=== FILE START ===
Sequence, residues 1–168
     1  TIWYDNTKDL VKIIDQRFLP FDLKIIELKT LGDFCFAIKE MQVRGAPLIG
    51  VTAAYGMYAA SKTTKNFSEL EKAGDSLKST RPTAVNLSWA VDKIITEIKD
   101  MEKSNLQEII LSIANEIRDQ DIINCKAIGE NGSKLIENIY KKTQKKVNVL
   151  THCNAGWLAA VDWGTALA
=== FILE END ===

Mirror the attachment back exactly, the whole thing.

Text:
Sequence, residues 1–168
     1  TIWYDNTKDL VKIIDQRFLP FDLKIIELKT LGDFCFAIKE MQVRGAPLIG
    51  VTAAYGMYAA SKTTKNFSEL EKAGDSLKST RPTAVNLSWA VDKIITEIKD
   101  MEKSNLQEII LSIANEIRDQ DIINCKAIGE NGSKLIENIY KKTQKKVNVL
   151  THCNAGWLAA VDWGTALA